If you had asked me about my career goals at the end of high school, I would’ve told you I wanted to be an English professor.
But when I got to college, things changed. I found this website and learned that you could make money online as a writer. My career goals shifted, and I became less interested in academic life as I began freelance writing. Fast-forward a few years, and I’m now the one writing these articles and managing this website.
Throughout it all, however, I always had career goals in mind. If you’re in college or recently graduated, you’re probably wondering how to set your own career goals.
But how do you set goals for your career in today’s rapidly changing economy? And how do you ensure your goals can adapt to meet your changing interests?
Below, we’ll explore these questions (and more). But first, let’s look at why you should set career goals to begin with.
In general, we’re big fans of planning your career to some degree. Without a plan, you may default to whatever’s easiest or most comfortable. Having career goals helps you stay on track and avoid stagnation.
On the other hand, beware of setting career goals that are too rigid. If you try to plan every second of your career from the end of college to the start of retirement, you might miss out. Trying to stick to your plan above everything else means you won’t be able to adjust to changes in your interests, circumstances, or opportunities.
Furthermore, setting rigid goals can lead to perpetual dissatisfaction. This is an inherent problem with goals: once you achieve the goal, you no longer have the sense of purpose that the goal gave you. So you set another goal, and another, until all of a sudden your life is over and you realize you never stopped to enjoy it.
What you need, then, are career goals that strike the right balance. You need to set enough goals to give you direction and challenge yourself, but not so many that your plan falls apart the moment life throws you a curveball. This process is the subject of the rest of this article.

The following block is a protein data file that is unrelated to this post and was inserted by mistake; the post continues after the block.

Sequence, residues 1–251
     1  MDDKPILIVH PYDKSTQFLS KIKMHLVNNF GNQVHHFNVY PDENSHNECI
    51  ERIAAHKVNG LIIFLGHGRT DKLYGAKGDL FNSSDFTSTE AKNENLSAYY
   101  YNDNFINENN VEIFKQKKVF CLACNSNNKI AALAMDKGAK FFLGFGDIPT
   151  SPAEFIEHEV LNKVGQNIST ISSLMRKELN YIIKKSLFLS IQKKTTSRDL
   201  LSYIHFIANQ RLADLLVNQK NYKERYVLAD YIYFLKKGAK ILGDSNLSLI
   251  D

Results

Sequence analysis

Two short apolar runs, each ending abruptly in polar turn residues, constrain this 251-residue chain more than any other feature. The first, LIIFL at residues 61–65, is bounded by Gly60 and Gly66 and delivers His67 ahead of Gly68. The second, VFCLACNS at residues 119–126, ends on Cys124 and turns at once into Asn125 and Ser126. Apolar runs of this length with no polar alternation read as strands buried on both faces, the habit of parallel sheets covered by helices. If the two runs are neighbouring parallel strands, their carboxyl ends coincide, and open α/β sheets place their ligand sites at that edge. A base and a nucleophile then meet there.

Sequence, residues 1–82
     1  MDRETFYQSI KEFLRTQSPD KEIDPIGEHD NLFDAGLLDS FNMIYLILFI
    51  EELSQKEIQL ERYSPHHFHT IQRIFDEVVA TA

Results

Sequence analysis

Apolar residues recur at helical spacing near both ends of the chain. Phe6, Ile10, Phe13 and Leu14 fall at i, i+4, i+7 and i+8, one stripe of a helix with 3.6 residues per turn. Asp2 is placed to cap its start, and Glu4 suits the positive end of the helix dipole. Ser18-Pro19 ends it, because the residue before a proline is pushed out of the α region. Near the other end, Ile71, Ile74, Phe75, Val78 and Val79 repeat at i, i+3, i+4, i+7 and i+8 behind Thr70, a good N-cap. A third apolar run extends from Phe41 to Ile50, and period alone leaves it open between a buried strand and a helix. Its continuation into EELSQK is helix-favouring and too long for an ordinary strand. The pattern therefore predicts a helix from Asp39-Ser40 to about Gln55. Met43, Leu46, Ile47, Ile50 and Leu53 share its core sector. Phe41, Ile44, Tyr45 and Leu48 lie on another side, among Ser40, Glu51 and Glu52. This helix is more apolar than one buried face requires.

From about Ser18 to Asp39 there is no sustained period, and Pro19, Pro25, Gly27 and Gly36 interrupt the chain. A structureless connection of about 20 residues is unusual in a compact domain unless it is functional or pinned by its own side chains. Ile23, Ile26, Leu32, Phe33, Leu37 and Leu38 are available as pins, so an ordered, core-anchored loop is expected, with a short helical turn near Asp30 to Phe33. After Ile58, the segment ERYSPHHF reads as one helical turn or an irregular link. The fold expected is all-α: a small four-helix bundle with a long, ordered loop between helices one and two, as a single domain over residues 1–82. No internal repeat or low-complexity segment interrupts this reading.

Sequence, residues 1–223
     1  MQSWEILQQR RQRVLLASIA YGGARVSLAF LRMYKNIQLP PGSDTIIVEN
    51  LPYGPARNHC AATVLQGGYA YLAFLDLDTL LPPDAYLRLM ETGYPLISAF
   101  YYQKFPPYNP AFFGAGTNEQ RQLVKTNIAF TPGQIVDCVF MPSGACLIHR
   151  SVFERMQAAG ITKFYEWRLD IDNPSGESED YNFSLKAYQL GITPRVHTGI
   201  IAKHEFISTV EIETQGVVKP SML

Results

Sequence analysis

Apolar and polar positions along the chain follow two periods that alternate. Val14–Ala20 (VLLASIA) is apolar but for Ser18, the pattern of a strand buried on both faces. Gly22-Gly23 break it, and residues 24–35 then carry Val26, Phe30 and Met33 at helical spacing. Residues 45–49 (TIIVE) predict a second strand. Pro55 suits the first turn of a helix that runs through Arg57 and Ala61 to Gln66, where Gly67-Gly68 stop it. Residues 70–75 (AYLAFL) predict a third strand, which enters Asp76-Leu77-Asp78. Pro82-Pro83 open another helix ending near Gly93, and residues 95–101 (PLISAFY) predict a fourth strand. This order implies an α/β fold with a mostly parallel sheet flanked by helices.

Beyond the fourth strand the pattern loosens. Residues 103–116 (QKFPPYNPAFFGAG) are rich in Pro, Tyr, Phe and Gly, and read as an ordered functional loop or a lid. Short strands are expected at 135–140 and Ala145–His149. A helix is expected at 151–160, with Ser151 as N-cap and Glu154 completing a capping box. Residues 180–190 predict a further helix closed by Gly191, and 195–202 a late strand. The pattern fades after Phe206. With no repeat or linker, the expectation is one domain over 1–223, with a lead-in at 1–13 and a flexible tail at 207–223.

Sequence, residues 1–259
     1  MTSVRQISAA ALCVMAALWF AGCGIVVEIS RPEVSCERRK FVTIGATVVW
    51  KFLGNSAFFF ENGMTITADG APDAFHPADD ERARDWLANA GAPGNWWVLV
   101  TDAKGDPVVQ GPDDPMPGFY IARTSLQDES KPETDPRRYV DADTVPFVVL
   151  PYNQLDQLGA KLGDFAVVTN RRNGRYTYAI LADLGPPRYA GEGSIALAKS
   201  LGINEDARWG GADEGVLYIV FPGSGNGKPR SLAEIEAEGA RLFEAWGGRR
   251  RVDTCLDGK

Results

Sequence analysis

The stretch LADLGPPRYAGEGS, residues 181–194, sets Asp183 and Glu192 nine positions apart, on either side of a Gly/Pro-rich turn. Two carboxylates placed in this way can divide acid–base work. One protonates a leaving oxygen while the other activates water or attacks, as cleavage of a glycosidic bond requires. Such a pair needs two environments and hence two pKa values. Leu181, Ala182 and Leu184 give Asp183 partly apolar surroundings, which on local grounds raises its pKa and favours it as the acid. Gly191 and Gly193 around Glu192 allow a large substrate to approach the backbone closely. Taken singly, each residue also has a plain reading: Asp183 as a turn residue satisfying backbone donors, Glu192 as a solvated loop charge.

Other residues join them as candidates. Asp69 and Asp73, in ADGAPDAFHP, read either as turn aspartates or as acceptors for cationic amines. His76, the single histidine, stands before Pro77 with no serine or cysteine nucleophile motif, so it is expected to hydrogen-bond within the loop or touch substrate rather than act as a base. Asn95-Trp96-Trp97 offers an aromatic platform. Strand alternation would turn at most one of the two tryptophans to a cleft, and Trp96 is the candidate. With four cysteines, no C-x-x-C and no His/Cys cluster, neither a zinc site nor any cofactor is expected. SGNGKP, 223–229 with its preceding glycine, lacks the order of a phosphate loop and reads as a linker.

With some caveats about the dangers of overplanning in mind, let’s take a look at how you can set useful career goals:
Assess Where You Are Now
Before you set career goals, you need to be honest about where you currently are in your career. This way, you have a starting point for planning how you want to grow and what you want to change.
If you’re currently in college, make a list of your:
Looking at all of this info will help you determine where you want to work, what you want to learn, and who you want to meet in the future. Of course, if you already have a resume, then you can just refer to that.
If you’re out of college, then take a look at your current job, any credentials you have, and your career history/work experience. This is probably on your resume already, but now is a good chance to update it.
With this starting point, you can now move to the next step.
Decide Where You Want to Be
Hopefully, looking over your resume already got some career goals brewing in your mind. But to make things more concrete, now is the time to decide what you want to change in your career.
You can think about this in a couple of ways. First, you can consider how satisfied you are with your current job. If you aren’t satisfied, then you can figure out what it will take to change things.
For instance, you might want to set up a chat with your boss about how to improve your work life. Or, you might even decide to change careers entirely.
If you’re generally satisfied with your career, then you can set goals to challenge yourself and level up. This could mean learning a new skill, taking on a new project, or even trying for a promotion.
Be Sure Your Goals Are Your Own